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Pregnant Women and Yoga

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Healthy pregnant women who enjoy yoga may continue a modified practice even during their third trimester without adverse consequences, according to research published in the journal of the American College of Obstetricians and Gynecologists (ACOG), Obstetrics & Gynecology (2015; doi: 10.1097/AOG.0000000000001137), which featured a pregnant woman in camel pose on the cover. The study, “Yoga in Pregnancy: An Examination of Maternal and Fetal Responses to 26 Yoga Postures,” observed 25 women who were all 35–37 weeks pregnant.

Each woman participated in a one-on-one yoga session, during which researchers monitored the expectant mother’s vital signs while also monitoring the fetus’s heart rate. Twenty-four hours later, the investigators followed up to determine whether any contractions, fluid leakage, vaginal bleeding or decreased fetal movement occurred. No adverse effects were reported.

Lead study author Rachael Polis, DO, at Kosair Children’s Hospital in Louisville, Kentucky, said to National Public Radio, “This is preliminary information, but I think it’s exciting and reassuring to know there were no adverse changes for both mom and baby.” Downward-facing dog and happy baby were among the 26 postures that caused no problems.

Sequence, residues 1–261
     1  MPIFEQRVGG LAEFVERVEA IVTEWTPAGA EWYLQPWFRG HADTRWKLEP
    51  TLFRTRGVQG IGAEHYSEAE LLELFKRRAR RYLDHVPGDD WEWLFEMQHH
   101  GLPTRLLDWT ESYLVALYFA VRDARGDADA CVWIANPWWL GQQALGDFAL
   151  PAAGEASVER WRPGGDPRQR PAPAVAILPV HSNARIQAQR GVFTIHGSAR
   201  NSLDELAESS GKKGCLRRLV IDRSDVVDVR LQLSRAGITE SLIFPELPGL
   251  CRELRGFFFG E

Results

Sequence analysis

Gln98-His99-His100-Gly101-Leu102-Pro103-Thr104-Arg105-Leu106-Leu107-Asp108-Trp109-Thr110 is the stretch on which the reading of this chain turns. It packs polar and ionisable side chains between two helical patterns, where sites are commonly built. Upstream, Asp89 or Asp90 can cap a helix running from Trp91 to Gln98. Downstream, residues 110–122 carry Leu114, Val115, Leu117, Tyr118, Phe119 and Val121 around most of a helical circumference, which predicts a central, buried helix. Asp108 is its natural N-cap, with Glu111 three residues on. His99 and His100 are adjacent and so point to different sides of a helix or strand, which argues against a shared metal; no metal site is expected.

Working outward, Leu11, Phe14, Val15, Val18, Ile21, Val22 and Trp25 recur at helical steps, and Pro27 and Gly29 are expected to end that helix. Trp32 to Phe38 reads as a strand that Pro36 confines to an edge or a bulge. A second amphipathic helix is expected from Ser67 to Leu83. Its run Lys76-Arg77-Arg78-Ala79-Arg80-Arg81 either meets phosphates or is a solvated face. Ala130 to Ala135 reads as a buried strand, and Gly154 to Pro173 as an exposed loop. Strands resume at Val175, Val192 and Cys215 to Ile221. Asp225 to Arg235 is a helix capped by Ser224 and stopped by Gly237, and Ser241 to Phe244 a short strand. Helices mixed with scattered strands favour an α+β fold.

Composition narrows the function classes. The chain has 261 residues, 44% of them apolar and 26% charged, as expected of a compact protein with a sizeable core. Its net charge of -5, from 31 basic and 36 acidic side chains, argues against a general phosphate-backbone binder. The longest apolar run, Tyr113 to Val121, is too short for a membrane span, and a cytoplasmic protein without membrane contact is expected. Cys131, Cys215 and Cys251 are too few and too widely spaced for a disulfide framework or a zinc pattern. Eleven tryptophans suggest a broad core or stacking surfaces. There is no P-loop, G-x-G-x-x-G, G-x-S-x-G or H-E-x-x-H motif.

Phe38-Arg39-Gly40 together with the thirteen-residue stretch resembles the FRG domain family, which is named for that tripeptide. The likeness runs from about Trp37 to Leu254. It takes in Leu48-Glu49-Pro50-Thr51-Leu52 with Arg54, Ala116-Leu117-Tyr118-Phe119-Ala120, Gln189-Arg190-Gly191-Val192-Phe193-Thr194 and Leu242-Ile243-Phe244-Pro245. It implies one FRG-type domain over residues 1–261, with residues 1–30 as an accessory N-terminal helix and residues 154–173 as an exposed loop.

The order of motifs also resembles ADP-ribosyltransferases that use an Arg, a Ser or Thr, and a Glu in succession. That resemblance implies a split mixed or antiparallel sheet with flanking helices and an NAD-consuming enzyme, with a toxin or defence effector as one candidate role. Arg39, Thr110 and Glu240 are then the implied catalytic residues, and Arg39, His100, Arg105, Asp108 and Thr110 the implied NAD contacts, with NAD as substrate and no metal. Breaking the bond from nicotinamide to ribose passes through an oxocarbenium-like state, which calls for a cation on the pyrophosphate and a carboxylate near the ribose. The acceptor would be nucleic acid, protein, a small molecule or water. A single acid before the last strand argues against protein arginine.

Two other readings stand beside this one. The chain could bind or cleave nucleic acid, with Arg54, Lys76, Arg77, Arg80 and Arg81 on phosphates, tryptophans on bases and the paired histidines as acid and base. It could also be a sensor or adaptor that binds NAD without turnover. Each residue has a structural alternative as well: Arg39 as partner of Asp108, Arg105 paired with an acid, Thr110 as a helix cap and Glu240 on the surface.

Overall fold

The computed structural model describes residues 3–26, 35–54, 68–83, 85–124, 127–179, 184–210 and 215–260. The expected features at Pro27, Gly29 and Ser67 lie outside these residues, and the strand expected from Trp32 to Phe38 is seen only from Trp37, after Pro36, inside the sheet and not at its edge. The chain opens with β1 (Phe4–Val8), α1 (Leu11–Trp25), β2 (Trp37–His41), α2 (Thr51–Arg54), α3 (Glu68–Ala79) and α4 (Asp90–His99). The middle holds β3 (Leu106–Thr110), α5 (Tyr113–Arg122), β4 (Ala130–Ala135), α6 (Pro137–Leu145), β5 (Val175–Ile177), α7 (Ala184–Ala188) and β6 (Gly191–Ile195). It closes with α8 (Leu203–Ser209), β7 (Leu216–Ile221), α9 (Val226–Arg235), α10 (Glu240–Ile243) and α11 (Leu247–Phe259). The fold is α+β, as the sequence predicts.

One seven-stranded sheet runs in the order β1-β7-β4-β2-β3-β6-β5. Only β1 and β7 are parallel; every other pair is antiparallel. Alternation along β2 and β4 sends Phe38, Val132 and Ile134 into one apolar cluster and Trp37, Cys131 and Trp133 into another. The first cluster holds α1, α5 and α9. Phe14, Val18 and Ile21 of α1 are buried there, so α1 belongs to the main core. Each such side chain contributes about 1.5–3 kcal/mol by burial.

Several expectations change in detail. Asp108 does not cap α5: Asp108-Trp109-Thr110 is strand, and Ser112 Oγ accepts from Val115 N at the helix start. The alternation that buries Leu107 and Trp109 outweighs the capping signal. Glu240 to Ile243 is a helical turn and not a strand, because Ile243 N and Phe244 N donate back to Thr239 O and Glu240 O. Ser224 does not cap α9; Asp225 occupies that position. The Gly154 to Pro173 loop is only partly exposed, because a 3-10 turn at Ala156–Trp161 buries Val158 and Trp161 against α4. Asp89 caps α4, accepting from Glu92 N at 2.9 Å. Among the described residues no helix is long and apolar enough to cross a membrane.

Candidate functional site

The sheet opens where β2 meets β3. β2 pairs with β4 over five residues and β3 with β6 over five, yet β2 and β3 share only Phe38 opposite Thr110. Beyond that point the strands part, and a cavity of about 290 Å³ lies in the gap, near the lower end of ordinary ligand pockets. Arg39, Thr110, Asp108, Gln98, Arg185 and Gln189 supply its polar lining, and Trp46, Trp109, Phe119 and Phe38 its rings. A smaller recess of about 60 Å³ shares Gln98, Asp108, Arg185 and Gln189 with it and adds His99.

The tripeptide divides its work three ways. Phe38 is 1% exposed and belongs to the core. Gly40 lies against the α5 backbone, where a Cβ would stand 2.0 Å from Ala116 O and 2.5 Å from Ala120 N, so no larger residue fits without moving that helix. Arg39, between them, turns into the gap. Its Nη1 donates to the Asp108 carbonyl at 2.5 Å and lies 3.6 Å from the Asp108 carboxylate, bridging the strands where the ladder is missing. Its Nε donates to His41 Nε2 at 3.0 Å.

Women should still check with their doctor before participating in yoga; they should forgo inversions, to reduce fall risk; and they should avoid lying prone. In December 2015, ACOG released its Committee Opinion Number 650, recommending physical activity and exercise during pregnancy, and including modified yoga and Pilates as examples of safe activities, while advising that “hot yoga” and “hot Pilates” should be avoided. The ACOG advisory noted that “yoga positions that result in decreased venous return and hypotension should be avoided as much as possible.”


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Shirley Archer-Eichenberger, JD, MA

Shirley Archer, JD, MA, is an internationally acknowledged integrative health and mindfulness specialist, best-selling author of 16 fitness and wellness books translated into multiple languages and sold worldwide, award-winning health journalist, contributing editor to Fitness Journal, media spokesperson, and IDEA's 2008 Fitness Instructor of the Year. She's a 25-year industry veteran and former health and fitness educator at the Stanford Prevention Research Center, who has served on multiple industry committees and co-authored trade books and manuals for ACE, ACSM and YMCA of the USA. She has appeared on TV worldwide and was a featured trainer on America's Next Top Model.

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